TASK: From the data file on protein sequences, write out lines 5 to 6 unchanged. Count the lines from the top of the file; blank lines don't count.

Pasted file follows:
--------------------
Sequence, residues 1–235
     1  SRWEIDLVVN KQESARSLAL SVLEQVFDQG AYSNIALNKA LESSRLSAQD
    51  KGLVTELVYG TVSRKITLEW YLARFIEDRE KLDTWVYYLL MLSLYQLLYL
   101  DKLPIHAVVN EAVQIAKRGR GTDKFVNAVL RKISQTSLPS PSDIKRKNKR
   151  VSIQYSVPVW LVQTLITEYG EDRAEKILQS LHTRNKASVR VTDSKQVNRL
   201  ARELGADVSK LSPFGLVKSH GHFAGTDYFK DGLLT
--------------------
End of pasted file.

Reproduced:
   151  VSIQYSVPVW LVQTLITEYG EDRAEKILQS LHTRNKASVR VTDSKQVNRL
   201  ARELGADVSK LSPFGLVKSH GHFAGTDYFK DGLLT